Marijuana Smuggler Gets Six More Years After Scheme to Reduce Sentence

(CN) – A federal court sentenced one of Florida’s most prolific marijuana smugglers to more prison time on Tuesday after carrying out an unlawful scheme to get a reduction in his 30-year sentence.

Joe Harry Pegg, who made millions running an armada of marijuana-laden boats between Jamaica and the Gulf Coast during the 70s and 80s, was set to leave prison in 2020 after serving time for drug trafficking.

But U.S. District Judge Susan Bucklew of the Middle District of Florida sentenced Pegg to six more years in prison after a jury found him guilty of conspiracy to obstruct justice, obstruction of justice and lying to federal law enforcement.

According to court documents and trial testimony, Pegg attempted to lessen his sentence by convincing a former cellmate and another man to work with police arranging undercover drug deals.

In some cases, federal judges will allow this “third-party cooperation” and reduce the inmate’s sentence if investigators show the effort substantially assisted in prosecutions.

But prosecutors must know if the inmate pursues “rule 35,” as it is known in federal sentencing statutes, and any compensation must be disclosed.

Federal authorities say Pegg directed his family and former cellmate Isidro Moreno to pay Fernando Morales $60,000 for his help and told those involved to stay quiet. When questioned, Pegg denied paying the men.

A grand jury indicted Pegg in 2016 on the obstruction charges. The investigation also ensnared two former Drug Enforcement Adminisration agents.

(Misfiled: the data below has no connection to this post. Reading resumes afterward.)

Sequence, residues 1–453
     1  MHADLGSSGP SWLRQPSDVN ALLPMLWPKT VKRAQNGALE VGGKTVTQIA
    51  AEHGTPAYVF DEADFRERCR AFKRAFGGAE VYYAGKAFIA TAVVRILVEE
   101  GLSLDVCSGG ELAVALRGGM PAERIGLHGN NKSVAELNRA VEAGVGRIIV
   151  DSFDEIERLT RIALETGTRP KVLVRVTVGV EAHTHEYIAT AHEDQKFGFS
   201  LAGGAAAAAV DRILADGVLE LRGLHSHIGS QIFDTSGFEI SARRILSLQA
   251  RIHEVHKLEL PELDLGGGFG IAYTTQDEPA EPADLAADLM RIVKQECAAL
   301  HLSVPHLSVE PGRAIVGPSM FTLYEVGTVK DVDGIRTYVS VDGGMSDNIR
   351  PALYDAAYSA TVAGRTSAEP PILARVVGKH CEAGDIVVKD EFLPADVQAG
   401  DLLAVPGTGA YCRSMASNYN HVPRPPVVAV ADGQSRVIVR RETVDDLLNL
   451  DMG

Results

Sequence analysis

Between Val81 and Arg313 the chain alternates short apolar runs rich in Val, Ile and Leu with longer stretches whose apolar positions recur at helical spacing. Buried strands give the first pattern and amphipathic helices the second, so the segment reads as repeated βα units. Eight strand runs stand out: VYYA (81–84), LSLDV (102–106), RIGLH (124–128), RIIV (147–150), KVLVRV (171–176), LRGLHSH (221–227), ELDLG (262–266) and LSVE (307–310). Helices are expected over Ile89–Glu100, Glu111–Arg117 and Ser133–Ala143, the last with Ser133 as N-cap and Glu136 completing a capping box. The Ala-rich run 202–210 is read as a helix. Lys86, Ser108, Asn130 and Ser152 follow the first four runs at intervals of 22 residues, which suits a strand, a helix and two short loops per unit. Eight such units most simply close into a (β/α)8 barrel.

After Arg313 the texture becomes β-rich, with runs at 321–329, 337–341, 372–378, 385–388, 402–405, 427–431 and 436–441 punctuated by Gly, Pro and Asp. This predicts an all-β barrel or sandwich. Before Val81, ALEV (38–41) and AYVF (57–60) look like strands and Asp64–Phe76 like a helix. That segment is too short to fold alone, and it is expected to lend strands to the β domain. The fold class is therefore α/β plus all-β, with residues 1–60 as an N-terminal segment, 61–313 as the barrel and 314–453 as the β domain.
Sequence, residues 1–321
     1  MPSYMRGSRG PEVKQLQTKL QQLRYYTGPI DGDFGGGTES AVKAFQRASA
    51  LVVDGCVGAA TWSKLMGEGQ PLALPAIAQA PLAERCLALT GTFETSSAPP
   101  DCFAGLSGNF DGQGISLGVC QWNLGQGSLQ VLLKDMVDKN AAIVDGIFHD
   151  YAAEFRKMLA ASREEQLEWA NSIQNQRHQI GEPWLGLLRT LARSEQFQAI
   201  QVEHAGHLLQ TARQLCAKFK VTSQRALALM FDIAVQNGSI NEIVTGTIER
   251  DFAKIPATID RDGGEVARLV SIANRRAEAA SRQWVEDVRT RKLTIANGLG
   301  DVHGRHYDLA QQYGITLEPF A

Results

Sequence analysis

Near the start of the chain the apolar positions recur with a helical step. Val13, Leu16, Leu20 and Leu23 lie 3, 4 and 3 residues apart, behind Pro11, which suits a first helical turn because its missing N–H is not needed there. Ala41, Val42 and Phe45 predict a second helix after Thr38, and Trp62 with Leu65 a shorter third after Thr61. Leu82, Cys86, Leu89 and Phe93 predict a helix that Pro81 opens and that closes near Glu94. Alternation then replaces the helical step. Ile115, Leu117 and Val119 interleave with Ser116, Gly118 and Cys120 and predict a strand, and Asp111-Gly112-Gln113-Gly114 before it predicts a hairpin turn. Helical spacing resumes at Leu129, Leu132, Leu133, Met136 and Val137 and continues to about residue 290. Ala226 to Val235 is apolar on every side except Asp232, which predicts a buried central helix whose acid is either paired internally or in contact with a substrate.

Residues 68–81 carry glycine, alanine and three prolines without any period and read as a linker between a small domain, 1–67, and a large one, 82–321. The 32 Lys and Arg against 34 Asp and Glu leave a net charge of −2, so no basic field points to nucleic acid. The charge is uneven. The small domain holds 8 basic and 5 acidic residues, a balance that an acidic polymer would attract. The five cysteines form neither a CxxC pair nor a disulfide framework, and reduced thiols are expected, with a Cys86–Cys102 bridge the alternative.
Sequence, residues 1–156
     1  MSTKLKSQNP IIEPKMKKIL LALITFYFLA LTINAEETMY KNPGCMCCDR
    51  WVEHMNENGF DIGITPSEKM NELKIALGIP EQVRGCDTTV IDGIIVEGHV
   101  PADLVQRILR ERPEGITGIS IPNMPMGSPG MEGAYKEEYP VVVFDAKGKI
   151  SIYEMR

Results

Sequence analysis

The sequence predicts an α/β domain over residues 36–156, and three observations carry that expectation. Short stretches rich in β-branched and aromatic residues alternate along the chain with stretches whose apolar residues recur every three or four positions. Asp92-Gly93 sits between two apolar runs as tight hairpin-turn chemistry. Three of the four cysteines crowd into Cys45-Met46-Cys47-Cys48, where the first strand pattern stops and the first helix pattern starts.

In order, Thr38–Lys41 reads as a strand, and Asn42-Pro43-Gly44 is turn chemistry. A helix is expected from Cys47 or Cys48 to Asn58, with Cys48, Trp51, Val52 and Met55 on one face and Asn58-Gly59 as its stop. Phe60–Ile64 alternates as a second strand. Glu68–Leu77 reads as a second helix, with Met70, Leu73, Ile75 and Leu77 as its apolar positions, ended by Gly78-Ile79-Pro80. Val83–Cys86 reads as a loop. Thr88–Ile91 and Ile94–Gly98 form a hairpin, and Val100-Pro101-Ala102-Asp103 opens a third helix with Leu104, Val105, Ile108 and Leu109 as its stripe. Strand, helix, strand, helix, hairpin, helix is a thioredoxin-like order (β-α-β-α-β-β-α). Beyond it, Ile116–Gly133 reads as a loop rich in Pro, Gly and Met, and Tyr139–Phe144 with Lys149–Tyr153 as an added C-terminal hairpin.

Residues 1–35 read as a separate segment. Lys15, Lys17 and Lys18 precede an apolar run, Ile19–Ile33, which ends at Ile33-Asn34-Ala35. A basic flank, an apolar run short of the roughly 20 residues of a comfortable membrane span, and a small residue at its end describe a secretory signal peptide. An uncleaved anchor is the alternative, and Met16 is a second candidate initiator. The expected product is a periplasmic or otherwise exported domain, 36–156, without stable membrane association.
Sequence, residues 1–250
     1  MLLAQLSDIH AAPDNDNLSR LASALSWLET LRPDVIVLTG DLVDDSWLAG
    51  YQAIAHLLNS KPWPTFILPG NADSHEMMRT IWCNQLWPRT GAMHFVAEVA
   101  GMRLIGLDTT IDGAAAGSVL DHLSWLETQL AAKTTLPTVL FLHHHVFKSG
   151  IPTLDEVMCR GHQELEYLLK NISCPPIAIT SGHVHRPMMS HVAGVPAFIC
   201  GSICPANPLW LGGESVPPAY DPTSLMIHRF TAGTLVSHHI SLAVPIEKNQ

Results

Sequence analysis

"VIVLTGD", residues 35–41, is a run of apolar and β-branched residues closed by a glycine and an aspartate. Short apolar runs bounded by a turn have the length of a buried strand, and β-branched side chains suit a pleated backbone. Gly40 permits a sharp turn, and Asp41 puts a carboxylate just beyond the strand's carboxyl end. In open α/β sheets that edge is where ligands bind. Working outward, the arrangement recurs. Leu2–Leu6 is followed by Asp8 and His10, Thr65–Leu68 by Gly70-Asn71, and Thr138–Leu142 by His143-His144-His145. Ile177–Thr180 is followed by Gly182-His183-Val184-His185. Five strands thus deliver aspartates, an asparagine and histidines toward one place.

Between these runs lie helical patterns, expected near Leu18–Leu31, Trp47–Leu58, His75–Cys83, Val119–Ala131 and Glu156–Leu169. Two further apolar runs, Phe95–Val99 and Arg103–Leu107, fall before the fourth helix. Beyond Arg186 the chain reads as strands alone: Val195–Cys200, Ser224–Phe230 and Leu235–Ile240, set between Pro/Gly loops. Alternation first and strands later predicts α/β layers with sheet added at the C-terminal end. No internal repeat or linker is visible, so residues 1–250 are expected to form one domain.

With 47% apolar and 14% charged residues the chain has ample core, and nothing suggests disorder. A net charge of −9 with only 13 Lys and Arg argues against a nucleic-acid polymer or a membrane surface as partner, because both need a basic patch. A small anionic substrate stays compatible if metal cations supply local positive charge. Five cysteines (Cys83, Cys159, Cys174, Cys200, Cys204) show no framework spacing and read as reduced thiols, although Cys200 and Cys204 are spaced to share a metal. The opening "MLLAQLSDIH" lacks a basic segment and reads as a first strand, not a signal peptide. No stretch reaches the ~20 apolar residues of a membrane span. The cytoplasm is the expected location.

Samuel Murad, who helped send Pegg to prison in the 1990s, took more than $223,000 from Pegg’s brother for his part in the scheme, federal authorities say. He then demanded $700,000 more. After a plea deal in 2016, Murad received a year in a prison. Another former agent, Robert Quinn, was charged with lying to investigators.

Texas defense attorney Chad Van Cleave, who is not connected to the case, said his office frequently deals with federal sentence reductions.

“It is routine for me on behalf of a client to call up a prosecutor and say here’s what we can offer,” he told Courthouse News by phone. “When we offer a third party compensation, we have to disclose that upfront. … If the government doesn’t know about it, they will swat you down quick.”

Each district deals with these sentencing reductions differently, Van Cleave said.

“The Southern District of Florida will do this all day,” he said, “but the Northern District won’t touch this with a 10-foot pole.”

“It can be good for my individual clients but, in my opinion, it’s horrible policy,” he added. “It’s a horrible part of a horrible war on drugs.”

Pegg, a sailor who lived in the Miami suburbs, was one of the state’s top drug smugglers importing high-grade marijuana from Jamaica and Columbia during 70s and 80s. Court documents show Pegg ran a multi-million dollar smuggling ring, complete with boats, planes and offshore accounts.

The majority of marijuana came through South Florida during that era. From Miami’s Black Tuna Gang to the “saltwater cowboys” of the Everglades, these smugglers used their familiarity of small inlets and mangrove-tangled canals to evade federal authorities while moving the drugs from larger “motherships” in the ocean to trucks waiting at port.

In 1982, federal agents arrested Pegg for importing and distributing more than 300 tons of marijuana. Operation Grouper, named after bales of marijuana called “square grouper,” was the nation’s largest drug seizure at the time, netting $1 billion worth of drugs and $12 million in assets, according to the DEA.

After cooperating with the government, Pegg served four years in prison. But authorities say he went back to smuggling and agents arrested him again after linking him to a seizure of a boat off the coast of Ft. Myers carrying 10,000 pounds of pot. He is currently serving out his sentence at a federal facility in Kentucky.

Fort Lauderdale attorney Fred Haddad, who represents Pegg, declined to comment on the obstruction case, but said his client plans to appeal.

“The whole underlying case had problems,” Haddad said of Pegg’s drug conviction that netted him 30 years in prison. “The sentence was clearly excessive.”

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